An Arctic Sea Ice Surprise

 
Published: 23 March 2020

Researchers find that more cracks in the ice lead to fewer—not more—low clouds

Offshore at ARM's North Slope of Alaska atmospheric observatory
Sea ice and low clouds interact offshore at ARM’s North Slope of Alaska atmospheric observatory.

A recent study in Nature Communications revealed a counterintuitive link between “leads”―cracks in arctic sea ice―and the prevalence of low clouds during winter.

Leads can be from a few meters to tens of kilometers wide. They branch and intersect, creating splinters of dark open water that are more prevalent than ever in the wintertime Arctic.

When such open water is exposed directly to the atmosphere, heat and moisture escape. That makes knowing more about leads important for calculating surface energy balance.

The paper’s authors, all from the University of Utah, used data collected in Alaska by the U.S. Department of Energy’s Atmospheric Radiation Measurement (ARM) user facility.

The authors showed that when there are more leads, there are fewer boundary-layer clouds. This contradicts the present understanding, which holds that a greater number of leads result in more heat and moisture fluxes, and therefore a greater number of low clouds.

Key Data from ARM in Alaska

North Slope of Alaska
Data from ARM, whose North Slope of Alaska atmospheric observatory is centered in Utqiaġvik, were fundamental to a recent study on sea ice leads.

To reach their surprising results, the Utah researchers relied on diverse analyses of satellite and surface measurements. Most of all, they relied on long-term measurements collected by ARM in coastal northern Alaska.

ARM’s North Slope of Alaska atmospheric observatory is centered in Utqiaġvik (formerly known as Barrow). The site is adjacent to the Arctic Sea and collects measurements on cloud and radiation properties.

ARM data, says co-author Gerald “Jay” Mace, “were fundamental to our study.”

Authors of the January 2020 paper, led by graduate research assistant Xia Li, found that areas with a lot of leads (called “high lead fractions”) freeze over quickly in wintertime―typically within a few hours. This rapid freezing shuts off fluxes of moisture but allows fluxes of heat to remain. The resulting dry-air mixing dissipates clouds and reduces low-level cloudiness.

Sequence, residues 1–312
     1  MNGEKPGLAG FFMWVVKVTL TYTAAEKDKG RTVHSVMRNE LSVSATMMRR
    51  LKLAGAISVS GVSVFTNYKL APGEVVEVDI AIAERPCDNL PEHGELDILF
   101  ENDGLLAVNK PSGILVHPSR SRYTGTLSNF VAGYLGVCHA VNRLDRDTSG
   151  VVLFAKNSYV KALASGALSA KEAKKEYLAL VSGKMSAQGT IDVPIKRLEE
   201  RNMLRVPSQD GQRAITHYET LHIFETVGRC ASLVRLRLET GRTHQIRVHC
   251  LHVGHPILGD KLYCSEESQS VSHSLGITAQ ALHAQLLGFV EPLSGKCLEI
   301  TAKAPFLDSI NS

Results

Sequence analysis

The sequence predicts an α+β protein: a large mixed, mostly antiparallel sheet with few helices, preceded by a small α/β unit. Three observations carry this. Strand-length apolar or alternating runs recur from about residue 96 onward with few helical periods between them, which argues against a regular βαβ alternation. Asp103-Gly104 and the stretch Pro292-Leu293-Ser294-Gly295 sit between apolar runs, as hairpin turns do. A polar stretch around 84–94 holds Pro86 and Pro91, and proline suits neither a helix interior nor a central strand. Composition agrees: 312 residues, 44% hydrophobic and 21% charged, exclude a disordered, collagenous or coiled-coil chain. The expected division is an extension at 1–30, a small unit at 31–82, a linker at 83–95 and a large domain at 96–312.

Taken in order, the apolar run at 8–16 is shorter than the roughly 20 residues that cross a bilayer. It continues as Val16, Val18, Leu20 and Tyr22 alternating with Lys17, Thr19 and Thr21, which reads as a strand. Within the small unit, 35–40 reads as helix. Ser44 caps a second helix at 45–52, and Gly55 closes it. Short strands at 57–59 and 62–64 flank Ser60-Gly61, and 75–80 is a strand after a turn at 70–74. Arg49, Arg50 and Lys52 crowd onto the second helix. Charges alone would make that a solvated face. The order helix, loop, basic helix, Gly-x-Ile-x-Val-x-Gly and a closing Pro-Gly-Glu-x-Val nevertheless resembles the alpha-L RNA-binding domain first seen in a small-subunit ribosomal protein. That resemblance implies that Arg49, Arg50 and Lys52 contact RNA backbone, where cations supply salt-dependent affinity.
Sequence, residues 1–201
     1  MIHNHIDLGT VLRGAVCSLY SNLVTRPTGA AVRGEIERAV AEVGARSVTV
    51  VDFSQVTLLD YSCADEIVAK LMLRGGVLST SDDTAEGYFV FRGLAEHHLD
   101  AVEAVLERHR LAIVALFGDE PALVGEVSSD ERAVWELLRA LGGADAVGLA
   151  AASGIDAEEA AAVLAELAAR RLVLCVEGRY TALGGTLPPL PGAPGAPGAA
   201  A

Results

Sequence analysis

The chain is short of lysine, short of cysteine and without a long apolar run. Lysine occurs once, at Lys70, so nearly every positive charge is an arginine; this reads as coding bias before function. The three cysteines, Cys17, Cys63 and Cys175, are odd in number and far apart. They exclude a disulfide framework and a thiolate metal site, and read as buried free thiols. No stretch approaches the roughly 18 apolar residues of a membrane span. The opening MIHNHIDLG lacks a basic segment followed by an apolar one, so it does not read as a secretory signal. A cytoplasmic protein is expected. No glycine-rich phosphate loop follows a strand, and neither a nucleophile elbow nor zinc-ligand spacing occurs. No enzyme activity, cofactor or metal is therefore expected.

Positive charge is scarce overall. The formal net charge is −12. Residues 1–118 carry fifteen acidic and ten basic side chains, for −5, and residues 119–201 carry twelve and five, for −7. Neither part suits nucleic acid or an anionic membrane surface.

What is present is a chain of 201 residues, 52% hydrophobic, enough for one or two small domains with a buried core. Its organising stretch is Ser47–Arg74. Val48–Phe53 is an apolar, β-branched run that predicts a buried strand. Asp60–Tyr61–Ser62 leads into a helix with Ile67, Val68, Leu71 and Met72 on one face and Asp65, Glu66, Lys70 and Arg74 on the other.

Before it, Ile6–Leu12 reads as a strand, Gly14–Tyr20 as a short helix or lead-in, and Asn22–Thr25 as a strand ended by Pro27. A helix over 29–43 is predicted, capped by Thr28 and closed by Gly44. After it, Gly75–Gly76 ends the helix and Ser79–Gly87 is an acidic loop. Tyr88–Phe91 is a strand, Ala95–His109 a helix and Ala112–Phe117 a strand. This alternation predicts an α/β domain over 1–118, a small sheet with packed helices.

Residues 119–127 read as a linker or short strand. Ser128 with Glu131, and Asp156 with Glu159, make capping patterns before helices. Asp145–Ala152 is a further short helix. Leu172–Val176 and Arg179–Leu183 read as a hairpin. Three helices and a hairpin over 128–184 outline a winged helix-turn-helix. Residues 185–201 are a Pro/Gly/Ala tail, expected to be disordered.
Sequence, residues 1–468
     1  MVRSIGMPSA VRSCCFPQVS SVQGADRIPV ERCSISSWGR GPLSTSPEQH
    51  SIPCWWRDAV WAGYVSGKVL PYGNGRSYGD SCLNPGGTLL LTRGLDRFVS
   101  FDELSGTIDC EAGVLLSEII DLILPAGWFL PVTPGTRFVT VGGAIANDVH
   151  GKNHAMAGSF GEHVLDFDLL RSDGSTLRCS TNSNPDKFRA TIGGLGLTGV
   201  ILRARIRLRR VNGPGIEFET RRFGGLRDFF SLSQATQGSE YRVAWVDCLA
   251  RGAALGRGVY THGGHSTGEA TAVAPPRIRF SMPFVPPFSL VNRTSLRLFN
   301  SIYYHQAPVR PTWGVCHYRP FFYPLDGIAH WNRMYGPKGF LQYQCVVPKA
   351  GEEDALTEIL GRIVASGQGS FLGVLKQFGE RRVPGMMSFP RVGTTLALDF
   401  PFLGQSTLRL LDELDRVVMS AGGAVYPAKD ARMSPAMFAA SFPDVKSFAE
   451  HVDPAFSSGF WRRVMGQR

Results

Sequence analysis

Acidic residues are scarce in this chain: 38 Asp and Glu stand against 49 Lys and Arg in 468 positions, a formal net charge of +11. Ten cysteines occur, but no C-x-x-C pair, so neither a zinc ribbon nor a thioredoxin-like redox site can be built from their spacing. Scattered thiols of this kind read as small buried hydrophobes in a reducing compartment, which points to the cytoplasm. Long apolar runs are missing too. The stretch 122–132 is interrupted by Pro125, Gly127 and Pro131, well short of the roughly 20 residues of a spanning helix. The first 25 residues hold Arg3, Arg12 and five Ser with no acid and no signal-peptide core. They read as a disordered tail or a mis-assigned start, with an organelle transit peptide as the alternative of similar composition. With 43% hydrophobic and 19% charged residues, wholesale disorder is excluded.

Model Simulations

The R/V Polarstern, encased in drifting sea ice in the central Arctic, is the main base of the 2019‒2020 Multidisciplinary Drifting Observatory for the Study of Arctic Climate (MOSAiC) expedition. MOSAiC data may help evaluate the findings in the Nature Communications paper. Photo is by Matthew Shupe, University of Colorado, Boulder.

To investigate the physics of the interactions between ice cracks and low clouds, the researchers performed four model simulations based on ARM data from 2008 to 2011.

Their model domain was 102.4 kilometers by 12.8 kilometers (64 miles by 8 miles), with a horizontal grid spacing of 200 meters (656 feet).

The simulation included 81 ascending vertical layers, capped at a height of 1.5 kilometers. That’s not quite a mile, but enough to simulate the arctic boundary layer, the researchers say.

ARM Technical Director Jim Mather calls the paper’s surprise conclusion “interesting.”

He adds that data from the ongoing Multidisciplinary Drifting Observatory for the Study of Arctic Climate (MOSAiC) expedition “should be useful to evaluate this finding.”

Among their other science missions, MOSAiC researchers are studying the dynamics and fate of sea ice in a warming world.

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ARM is a DOE Office of Science user facility operated by nine DOE national laboratories.